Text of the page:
The ruling that Muslim cleric Abu Qatada can be deported to Jordan because he faces “no real risk of persecution” there has highlighted the question of international removal pacts.
The ruling establishes a legal basis for deportations from Britain to countries with a known record of human rights abuses.
In the same week as the Abu Qatada ruling, it emerged that two Algerians deported from Britain last month have since been arrested, imprisoned and charged with terrorist activities.
The Algerians – known as H and Q – withdrew appeals against the deportation after assurances they would not be arrested upon their return to Algeria.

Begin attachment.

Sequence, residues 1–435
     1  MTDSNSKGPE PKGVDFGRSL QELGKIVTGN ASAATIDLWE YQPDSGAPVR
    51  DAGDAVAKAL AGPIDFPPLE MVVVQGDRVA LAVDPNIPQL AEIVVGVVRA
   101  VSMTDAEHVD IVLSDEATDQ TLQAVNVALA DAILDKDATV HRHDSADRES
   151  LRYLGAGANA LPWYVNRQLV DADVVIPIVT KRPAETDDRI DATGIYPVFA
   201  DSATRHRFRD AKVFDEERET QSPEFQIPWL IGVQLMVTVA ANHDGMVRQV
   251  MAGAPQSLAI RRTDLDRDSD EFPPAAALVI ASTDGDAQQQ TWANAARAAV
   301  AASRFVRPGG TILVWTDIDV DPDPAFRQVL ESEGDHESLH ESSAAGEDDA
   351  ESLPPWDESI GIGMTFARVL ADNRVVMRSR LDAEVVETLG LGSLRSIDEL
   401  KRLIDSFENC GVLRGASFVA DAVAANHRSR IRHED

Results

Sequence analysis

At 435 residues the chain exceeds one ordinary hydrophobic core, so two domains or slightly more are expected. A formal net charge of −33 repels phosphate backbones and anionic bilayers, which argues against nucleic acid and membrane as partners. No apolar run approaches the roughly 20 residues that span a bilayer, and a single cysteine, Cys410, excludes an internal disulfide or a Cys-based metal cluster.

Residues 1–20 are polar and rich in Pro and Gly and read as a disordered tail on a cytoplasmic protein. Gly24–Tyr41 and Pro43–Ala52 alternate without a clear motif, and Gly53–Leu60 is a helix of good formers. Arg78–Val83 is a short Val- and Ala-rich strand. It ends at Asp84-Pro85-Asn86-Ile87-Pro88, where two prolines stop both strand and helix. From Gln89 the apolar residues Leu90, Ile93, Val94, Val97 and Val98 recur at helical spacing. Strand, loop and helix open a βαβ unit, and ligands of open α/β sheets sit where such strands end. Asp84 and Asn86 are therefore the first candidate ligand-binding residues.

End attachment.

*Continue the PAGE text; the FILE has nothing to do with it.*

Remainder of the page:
Their lawyer, Gareth Peirce, said they could no longer bear the strain of indefinite detention in Britain.
Although the Algerian government has refused to enter into an official memorandum of understanding on human rights, British government officials insisted that terror suspects could be safely deported to Algeria.